550 Volunteers Brave the Cold As Celebrity Greeters at the Hardee’s 12th Annual Rise and Shine For Heat-Up Fundraiser
Despite the unseasonably cool winter weather compared to a constantly colder 2011, Heat-Up St. Louis, the regional utility assistance charity continues to get hundreds of requests from bi-state area seniors, the disabled and low-income households with children, who are being threatened with disconnection notices or who require service restoration. The series of cold snaps during the past 30 ” days continue to fire-up the furnaces for thousands, who just can’t afford a utility heating source. Even when the temperatures hover in the 30s, the frail elderly and disabled need to still warm and their furnaces continue to run.
Since, January, the bi-state utility assistance and public education charity has also had direct requests and appeals from its partnering agencies of more than $250,000, but it has been able to help with only $100,000, leaving the need to collect $150,000 from the general public. For the first time in its existence, HUSTL’s winter on-line and UMB donations are off by seventy-five percent, causing it to dip into some special administrative funds which keep the programs of the year around charity operating in the black.
On Friday morning, February 10, from 6:00 a.m. until 10:30 a.m., about 550 volunteers, who are public and elected officials, social service agency representatives, civic and corporate leaders will serve as celebrity greeters in the 12th Annual Hardee’s Rise and Shine for Heat-Up benefit, in about 60 area Missouri and Illinois area Hardee’s restaurants. The monies collected in either Illinois or Missouri municipalities will remain in those respectively communities needing help. The celebrity greeters will be asking customers for additional donations in their Heat-Up special breakfast aprons. The fast-food chain will also donate its Sausage and Egg Biscuit product, at a special reduced price of $1.00, and 100% of the sells proceeds will go to Heat-Up St. Louis for distribution.
“Don’t let this weather fool you, even when temperatures hover in the 30s, frail seniors, the disabled and households with small children need that protection of warmth,” said Lance LeComb, board president. “We understand that the economy continues to be a challenge for everyone, especially those are making daunting decisions between heating their homes, eating, paying their rent, and buying their groceries.”
Area media will also host a series of live-roadblocks from various Hardees’ locations with various drop-bys of Heat-Up St. Louis board members and other prominent civic, business and state and local political leaders, including St. Louis Mayor Francis G. Slay, Clayton Fire Chief Mark Thorp, president of the Greater St. Louis Area Fire Chiefs Association, St. Louis County Executive Charlie Dooley, MO Lt. Governor Peter Kinder, Dr. James Knight, HUSTL board president Lance LeComb; St. Louis Fire and Police Chiefs, Dennis Jenkerson and Daniel Isom, respectively, Arch Rival Roller Girls, St. Louis Rams cheerleaders, sports mascots Cardinals Firebird, Rams’ Rampage and first-responders, who cover house fires where residents often use unsafe methods in heating their homes. Despite the unseasonably cool winter so far, there have been numerous house fires throughout the St. Louis region, where unsafe methods of heating may have been a contributing factor. Citi, Peabody Energy, Monsanto, AFLAC, CH2M Hill, and Hardee’s employees are also among the hundreds of volunteers.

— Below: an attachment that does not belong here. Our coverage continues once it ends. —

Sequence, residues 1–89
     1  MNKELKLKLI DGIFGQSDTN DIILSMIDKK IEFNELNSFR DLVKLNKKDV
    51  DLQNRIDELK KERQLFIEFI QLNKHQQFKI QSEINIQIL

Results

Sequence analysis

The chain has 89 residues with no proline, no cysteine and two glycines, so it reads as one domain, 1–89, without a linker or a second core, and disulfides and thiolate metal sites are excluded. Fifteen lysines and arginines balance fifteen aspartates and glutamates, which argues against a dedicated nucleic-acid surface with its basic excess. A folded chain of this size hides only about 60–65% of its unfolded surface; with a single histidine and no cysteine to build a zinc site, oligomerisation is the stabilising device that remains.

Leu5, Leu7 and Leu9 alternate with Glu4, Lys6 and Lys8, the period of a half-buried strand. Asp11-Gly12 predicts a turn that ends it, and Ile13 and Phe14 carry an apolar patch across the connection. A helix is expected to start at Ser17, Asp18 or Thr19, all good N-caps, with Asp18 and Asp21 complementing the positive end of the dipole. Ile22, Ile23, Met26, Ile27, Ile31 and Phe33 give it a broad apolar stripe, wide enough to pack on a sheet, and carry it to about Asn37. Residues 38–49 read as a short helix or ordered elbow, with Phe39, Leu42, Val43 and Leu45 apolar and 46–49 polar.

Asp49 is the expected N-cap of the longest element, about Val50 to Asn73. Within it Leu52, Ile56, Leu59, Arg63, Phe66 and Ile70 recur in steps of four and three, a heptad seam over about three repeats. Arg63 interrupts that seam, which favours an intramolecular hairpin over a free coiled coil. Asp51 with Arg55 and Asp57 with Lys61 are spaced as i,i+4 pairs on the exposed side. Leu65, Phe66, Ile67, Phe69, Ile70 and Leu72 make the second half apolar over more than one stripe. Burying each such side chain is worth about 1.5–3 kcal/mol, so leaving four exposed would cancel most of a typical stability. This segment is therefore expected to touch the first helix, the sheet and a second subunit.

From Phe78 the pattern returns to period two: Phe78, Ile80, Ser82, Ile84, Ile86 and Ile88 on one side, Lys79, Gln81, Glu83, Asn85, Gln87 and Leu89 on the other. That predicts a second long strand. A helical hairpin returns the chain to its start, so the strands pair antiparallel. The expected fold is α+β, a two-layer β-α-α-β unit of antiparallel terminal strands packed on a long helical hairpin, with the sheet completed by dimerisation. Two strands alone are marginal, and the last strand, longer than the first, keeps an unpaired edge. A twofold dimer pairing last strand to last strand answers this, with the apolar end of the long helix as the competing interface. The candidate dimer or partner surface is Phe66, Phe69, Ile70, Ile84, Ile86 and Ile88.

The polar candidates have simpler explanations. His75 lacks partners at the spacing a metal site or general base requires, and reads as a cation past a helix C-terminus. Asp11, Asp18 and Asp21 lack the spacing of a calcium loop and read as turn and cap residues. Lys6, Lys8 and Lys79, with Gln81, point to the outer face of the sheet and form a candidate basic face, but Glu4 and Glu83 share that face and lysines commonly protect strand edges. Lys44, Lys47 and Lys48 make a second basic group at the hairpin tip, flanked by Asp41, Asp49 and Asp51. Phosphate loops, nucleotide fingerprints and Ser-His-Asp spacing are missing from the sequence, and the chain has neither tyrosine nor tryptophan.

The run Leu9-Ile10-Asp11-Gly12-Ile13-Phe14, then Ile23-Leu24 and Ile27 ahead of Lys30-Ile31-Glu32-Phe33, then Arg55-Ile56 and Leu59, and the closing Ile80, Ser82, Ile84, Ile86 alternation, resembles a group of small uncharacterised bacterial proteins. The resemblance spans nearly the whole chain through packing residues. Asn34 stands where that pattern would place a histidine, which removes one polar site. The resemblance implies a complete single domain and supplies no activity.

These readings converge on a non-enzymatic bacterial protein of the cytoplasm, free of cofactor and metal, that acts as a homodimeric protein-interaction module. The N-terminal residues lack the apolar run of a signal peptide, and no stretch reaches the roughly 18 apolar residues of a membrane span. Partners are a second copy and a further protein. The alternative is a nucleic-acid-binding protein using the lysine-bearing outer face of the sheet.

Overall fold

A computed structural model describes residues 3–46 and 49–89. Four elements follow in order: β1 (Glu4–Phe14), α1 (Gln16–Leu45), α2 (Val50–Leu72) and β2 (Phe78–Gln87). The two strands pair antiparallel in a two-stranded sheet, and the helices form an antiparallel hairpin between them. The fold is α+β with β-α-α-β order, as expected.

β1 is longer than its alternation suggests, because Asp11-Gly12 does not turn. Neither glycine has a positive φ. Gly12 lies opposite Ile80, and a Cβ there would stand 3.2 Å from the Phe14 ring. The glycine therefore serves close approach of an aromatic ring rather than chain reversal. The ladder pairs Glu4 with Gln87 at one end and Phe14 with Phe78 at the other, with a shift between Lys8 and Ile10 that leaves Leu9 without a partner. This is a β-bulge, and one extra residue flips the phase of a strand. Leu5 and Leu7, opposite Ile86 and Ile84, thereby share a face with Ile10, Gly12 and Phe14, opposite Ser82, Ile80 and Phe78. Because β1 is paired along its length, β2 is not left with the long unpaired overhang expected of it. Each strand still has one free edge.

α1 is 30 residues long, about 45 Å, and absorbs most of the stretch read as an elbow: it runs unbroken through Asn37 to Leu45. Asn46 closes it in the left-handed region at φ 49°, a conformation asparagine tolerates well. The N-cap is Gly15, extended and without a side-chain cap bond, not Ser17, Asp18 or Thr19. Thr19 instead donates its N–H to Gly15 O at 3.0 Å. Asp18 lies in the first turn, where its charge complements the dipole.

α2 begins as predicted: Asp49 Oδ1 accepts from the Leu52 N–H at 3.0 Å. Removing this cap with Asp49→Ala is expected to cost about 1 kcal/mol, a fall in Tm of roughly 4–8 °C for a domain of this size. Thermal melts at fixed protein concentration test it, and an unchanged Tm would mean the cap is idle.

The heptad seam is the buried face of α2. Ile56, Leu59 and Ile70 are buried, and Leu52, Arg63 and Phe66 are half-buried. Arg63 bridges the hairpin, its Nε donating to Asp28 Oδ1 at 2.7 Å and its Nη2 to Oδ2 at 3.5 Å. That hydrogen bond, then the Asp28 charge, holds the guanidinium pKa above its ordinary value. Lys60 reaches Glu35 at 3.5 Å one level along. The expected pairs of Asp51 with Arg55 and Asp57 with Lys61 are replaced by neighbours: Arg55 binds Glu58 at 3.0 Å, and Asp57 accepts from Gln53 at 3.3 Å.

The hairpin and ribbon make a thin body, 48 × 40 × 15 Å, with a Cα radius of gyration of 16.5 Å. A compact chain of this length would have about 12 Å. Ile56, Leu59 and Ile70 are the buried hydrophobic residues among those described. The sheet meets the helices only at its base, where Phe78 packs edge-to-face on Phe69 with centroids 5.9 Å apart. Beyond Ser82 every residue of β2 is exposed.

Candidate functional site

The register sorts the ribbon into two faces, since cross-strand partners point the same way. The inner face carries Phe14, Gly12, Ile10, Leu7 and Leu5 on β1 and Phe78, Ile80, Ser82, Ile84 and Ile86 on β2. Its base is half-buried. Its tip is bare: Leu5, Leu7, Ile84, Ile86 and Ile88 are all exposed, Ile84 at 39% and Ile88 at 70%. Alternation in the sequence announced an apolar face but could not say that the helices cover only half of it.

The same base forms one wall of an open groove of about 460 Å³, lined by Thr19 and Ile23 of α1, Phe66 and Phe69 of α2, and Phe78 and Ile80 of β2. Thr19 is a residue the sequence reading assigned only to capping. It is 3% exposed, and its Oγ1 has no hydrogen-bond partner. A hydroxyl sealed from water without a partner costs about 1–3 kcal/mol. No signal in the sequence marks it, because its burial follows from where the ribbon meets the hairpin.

This year, Hardee’s will also provide special canister collections for the general public to drop-off any amount during the entire weekend of February 11 thru 12. Larger tax-deductible donations may be given on-line at the secured website of www.heatupstlouis.org. This year’s theme is “Have a
Heart…Heat a Home,” and is dedicated to the charity’s chair emeritus, the Reverend Earl E. Nance, Jr., who is currently recuperating from a massive heart attack.
“One of the most significant ascertainments of a top community problem continues to be the affordability of utilities,” said Melanie DiLeo, board chairman. “Thanks to the St. Louis media they continue to address the problem of being without a home heating source, as it has become a community-wide health and safety issue, reaching beyond the poverty level.”
Heat-Up St. Louis, the all-volunteer regional utility assistance and public education charity, celebrates its 12th anniversary later this year. During a recent cold snap, Heat-Up St. Louis received an average of 650 calls per day from people still seeking help with their heating bills. So far during the month of January, the independent grass-roots charity and its 14 social service partners have been able to impact the lives of more than 7,500 people with utility restoration or help with the avoidance of shut-offs.
“Until you have visited some of these needy homes, you have no idea of the emotional trauma, and the uncertainty that many of our neediest neighbors face when they get that disconnection notice,” said DiLeo.
Since its inception, Heat-Up St. Louis has impacted the lives of more than 275,000 people through public education, heating grants, and referrals through the resource help hotline at 314-241-7668. Larger donations may be sent to Heat-Up St. Louis, Inc., c/o UMB Bank, P.O. Box 868, St. Louis, MO 63188, or www.heatupstlouis.org.
It’s imperative that we never stop offering people alternatives to using space heaters as their primary heating sources,” said DiLeo. “Unsafe space heaters are the primary causes of house fires during winter.” Wintertime has the highest incidents of home fires, often due to unsafe methods being used to heat homes and apartments.